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CHILLING ADVENTURES OF SABRINA #1 (comic review)

Review by Erin Maxwell
Chilling Adventures of Sabrina #1
Written by Robert Aguierre-Sacasa
Art by Robert Hack
Lettering by Jack Morelli
Published by Archie Comics

Going the way of her comic book cronies, Sabrina Spellman gets a Dark Knight makeover in the new series The Chilling Adventures of Sabrina.

After the success of Afterlife With Archie, the white-haired, doe-eyed teenage witch was due for a reboot.

After all, small jinxes and malts at Pop’s Soda Shoppe can only go so far in the modern age.

Written by Roberto Aguirre-Sacasa and art by Robert Hack, the fun-loving high school gal who enjoyed milkshakes and school dances has been put to bed thanks to a dark backstory filled with murder, mayhem and insanity.

Even loving aunties Zelda and Hilda have been replaced with twisted sisters who worship the dark lord.

All in all, this ain’t your mama’s Sabrina.

Set in 1951, readers are quickly thrown into the darkness with the introduction of warlock Edward Theodore Spellman, a religious man. Although his religion strays from the norm.

He worships the Dark One, and is willing to sacrifice all that he loves to his god, including his white-haired newborn.

After an attempt to save her only offspring from the hands of the coven goes away, Diane Spellman must pay the price for her insolence with her sanity, leaving the fate of the innocent in Edward’s hands.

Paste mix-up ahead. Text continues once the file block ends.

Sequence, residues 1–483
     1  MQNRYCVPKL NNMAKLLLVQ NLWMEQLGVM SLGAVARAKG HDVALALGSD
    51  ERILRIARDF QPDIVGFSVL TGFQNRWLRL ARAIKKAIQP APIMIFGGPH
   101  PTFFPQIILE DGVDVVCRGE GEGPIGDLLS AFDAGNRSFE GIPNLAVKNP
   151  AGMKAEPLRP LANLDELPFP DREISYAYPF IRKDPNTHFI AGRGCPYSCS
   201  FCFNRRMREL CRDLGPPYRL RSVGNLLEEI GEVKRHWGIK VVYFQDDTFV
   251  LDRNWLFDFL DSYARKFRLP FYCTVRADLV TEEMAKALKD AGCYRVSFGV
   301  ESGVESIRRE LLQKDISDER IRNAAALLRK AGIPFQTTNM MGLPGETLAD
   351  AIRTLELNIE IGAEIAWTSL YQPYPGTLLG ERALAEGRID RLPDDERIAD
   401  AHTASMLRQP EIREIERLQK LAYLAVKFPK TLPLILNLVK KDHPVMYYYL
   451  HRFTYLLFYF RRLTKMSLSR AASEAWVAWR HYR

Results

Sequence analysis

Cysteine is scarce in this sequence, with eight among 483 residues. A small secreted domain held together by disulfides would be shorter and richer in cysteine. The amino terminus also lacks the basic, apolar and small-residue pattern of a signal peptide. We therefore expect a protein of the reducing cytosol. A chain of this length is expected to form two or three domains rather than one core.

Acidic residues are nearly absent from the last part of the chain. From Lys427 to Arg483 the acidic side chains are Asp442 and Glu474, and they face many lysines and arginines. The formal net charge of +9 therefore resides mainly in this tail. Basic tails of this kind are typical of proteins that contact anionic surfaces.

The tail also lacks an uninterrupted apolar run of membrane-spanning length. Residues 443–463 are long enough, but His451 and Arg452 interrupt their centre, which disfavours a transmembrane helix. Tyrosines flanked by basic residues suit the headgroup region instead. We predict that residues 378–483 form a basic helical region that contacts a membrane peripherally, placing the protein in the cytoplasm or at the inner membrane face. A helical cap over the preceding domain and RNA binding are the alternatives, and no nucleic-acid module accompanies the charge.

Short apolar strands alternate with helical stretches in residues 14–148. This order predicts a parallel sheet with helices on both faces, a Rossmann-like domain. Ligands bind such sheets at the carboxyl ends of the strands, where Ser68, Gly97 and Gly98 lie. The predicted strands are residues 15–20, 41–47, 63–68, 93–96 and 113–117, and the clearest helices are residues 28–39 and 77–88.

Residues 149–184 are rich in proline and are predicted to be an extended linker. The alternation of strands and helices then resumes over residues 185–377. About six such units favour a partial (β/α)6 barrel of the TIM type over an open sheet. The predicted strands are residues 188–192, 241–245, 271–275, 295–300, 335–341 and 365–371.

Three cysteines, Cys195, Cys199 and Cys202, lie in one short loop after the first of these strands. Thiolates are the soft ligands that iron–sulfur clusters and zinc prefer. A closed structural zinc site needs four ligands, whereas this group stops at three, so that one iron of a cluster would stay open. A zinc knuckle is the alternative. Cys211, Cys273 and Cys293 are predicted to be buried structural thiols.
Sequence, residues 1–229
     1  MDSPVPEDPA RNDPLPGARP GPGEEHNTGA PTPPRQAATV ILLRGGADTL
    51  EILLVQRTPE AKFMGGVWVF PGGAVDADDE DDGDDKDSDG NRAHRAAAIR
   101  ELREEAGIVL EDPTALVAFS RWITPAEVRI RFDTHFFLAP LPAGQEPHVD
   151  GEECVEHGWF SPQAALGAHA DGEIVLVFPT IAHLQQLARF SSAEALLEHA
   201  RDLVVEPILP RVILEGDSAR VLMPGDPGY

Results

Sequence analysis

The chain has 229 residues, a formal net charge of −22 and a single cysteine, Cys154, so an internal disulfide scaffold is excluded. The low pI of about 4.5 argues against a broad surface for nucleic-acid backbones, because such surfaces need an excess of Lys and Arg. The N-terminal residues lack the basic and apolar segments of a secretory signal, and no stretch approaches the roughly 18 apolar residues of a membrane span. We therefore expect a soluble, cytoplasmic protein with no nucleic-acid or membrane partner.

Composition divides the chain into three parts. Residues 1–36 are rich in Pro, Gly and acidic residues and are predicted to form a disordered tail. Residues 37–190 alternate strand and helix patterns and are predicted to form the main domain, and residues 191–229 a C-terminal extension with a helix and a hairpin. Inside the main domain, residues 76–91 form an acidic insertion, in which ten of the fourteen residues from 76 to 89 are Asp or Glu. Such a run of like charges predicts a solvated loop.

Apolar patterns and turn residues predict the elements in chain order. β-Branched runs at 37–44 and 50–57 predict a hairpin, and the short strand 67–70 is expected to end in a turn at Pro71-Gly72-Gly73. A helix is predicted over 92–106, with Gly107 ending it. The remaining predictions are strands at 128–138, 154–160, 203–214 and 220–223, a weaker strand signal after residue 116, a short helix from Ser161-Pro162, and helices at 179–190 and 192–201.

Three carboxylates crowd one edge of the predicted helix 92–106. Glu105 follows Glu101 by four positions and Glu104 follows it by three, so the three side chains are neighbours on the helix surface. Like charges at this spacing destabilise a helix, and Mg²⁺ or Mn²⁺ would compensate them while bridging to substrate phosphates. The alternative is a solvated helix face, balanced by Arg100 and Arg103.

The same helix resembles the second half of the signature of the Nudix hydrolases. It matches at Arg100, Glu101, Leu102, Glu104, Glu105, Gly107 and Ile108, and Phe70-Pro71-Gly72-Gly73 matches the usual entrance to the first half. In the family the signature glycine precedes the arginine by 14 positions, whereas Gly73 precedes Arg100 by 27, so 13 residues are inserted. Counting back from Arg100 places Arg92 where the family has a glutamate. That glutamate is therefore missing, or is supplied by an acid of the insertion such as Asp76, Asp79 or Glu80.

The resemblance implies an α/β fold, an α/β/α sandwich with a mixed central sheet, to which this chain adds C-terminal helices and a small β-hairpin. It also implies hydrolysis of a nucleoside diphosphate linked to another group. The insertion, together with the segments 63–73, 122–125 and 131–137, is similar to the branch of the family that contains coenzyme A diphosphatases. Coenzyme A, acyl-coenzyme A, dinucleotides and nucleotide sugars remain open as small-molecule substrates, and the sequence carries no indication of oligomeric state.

But his time was limited as well.

The comic takes the reader through the trials and tribulations of Sabrina’s childhood, from destroyed birthday parties to teasing in her private school for the magically inclined. Raised by her aunties and living with her English cousin Ambrose and familiar Salem, Sabrina embraces her situation, becoming very much a product of her generation, spouting both pop culture references and magic alike.

A clever and compelling story, the comic even takes its time to poke fun at its source material, as Betty and Veronica make a casual cameo with a twisted turn, setting the events in motion for the first story arc.

The look of the comic is a vast difference from the traditional Archie comics. Gone are the thick lines and traditional comic designs of the Archie comic. The sketched style of the comic matches the dark tones of the book, while the coloring helps spotlight the witchy feel of the story.

Although the art is at time inconsistent, especially with the title character herself, the limited color palette, use of shading and general look of the characters help create a new world for Sabrina to romp through.

The book is packed with bonus features, including sketch pages, additional covers, and Sabrina’s first introduction to Archie audiences with a reprint of 1962’s Archie’s Madhouse. A true treat for any Archie fan.

Sabrina, dollface, I have no idea where you are taking me, but I’m along for the ride.

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